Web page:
Date: 14 Jul 2010

Divorcing Hominins from the Stegodon-Ailuropoda Fauna: New Views on the Antiquity of Hominins in Asia

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Abstract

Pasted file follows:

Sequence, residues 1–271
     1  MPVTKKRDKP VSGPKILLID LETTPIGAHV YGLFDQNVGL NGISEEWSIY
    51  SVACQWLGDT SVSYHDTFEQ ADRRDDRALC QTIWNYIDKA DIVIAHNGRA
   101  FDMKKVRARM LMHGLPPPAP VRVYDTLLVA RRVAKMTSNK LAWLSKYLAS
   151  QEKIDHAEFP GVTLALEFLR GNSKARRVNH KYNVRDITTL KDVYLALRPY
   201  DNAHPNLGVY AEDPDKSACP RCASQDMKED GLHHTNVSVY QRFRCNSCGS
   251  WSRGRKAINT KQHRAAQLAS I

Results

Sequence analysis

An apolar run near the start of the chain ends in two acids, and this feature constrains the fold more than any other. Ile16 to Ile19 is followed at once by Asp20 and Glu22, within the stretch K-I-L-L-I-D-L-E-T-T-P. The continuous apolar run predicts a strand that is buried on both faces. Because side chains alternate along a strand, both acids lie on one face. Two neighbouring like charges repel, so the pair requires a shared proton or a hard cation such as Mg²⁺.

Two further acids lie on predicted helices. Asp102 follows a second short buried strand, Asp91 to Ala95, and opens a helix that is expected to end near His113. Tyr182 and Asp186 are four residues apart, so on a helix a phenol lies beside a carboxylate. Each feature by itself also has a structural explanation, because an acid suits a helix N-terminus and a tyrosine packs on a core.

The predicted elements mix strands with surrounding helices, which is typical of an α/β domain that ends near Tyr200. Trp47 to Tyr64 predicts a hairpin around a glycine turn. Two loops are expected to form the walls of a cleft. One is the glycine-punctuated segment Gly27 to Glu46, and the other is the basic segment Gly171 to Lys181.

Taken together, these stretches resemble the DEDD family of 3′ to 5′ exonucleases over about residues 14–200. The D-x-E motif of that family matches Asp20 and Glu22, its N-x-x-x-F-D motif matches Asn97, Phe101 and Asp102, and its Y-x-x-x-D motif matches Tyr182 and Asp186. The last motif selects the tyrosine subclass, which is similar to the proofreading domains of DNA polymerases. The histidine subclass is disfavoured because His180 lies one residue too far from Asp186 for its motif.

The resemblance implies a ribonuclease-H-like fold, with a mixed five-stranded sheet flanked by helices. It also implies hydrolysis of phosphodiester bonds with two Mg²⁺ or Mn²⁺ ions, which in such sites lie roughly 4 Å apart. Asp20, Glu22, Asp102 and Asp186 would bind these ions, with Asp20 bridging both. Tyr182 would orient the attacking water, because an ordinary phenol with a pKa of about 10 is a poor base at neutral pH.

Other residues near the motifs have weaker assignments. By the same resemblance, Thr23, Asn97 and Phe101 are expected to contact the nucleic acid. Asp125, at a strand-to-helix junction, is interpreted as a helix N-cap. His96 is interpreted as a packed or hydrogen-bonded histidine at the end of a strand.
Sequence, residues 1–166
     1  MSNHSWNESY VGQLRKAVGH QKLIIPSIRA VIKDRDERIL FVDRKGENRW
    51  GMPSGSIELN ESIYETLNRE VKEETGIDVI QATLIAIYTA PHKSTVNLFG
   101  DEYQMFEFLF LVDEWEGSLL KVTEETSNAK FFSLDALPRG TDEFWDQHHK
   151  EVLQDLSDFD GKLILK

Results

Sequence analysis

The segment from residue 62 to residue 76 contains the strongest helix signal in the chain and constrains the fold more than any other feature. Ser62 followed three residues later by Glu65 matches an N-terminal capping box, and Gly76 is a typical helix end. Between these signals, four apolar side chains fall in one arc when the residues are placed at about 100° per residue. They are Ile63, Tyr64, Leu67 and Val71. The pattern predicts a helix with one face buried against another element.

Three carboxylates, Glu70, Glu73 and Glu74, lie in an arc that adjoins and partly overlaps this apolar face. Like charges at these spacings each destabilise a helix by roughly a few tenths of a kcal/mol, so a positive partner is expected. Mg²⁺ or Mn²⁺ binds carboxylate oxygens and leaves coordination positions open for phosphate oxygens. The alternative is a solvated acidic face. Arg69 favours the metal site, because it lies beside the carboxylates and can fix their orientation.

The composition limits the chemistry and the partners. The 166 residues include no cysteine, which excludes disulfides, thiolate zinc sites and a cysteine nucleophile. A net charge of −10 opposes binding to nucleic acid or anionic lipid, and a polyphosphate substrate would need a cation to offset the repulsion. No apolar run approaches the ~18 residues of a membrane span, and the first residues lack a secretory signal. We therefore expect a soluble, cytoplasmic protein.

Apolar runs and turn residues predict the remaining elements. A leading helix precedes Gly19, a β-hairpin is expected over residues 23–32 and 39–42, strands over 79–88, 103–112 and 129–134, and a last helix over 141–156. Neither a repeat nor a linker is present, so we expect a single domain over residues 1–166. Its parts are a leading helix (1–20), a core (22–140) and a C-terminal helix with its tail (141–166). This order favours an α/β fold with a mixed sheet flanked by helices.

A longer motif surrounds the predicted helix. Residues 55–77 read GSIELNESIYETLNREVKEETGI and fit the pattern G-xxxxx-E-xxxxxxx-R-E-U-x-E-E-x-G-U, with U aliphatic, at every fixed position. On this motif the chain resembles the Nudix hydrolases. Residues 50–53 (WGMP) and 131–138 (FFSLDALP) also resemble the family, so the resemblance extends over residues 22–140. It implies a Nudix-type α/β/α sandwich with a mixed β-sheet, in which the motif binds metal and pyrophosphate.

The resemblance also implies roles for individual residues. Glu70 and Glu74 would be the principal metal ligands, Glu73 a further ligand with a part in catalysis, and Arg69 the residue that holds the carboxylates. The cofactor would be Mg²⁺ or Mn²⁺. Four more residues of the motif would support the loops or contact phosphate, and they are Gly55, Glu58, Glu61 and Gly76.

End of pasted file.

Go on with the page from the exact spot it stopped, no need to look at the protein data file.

The distinctive Stegodon-Ailuropoda fauna of southern China and peninsular Southeast Asia is known to include a number of ape species no longer present today. Among these apes, it is becoming increasingly clear, was a medium-bodied genus previously misattributed to the genus Homo. This unidentified ape is known only from dental remains, and is morphologically distinct from any Pleistocene ape or hominin in this region. For two decades, I have supported and promoted the idea that Gigantopithecus and Homo erectus co-existed in the Early and Middle Pleistocene of China and Vietnam. With the discovery of a chimpanzee-sized ape co-occurring with Gigantopithecus at Mohui Cave, I realized that many of the claims for early hominins in the Stegodon-Ailuropoda faunas of southern China and Southeast Asia were likely incorrect. This calls for a reappraisal of the remains from the so-called “human” sites of this time period, namely Mohui, Longgupo, Jianshi, Sanhe, Lang Trang and Tham Khuyen, in the context of irrefutable hominin evidence from elsewhere in Asia. Therefore, the earliest hominin record from Asia is documented in the far north of China in the Nihewan Basin at sites such as Xiaochangliang and in the far south on Java at sites within the Sangiran Dome. By studying the unquestionable Homo erectus sites with significant cranial remains, such as Gongwangling (Shanxi province), Hexian (Anhui province) and Tangshan (Jiangsu province), we see a clear pattern. All of these sites are found north of the Stegodon-Ailuropoda fauna. Early hominins may very well have inhabited parts of southern China, such as in river valleys or areas devoid of forest, but they were not part of the heavily forested, humid-climate adapted Stegodon-Ailuropoda mammalian fauna of the region. Additional hominin research far to the north in China, or far to the south in Java, will provide important information and valuable insights into the potential dispersal routes of early Homo erectus out of Africa or Georgia and the habitats these earliest Asian immigrants preferred.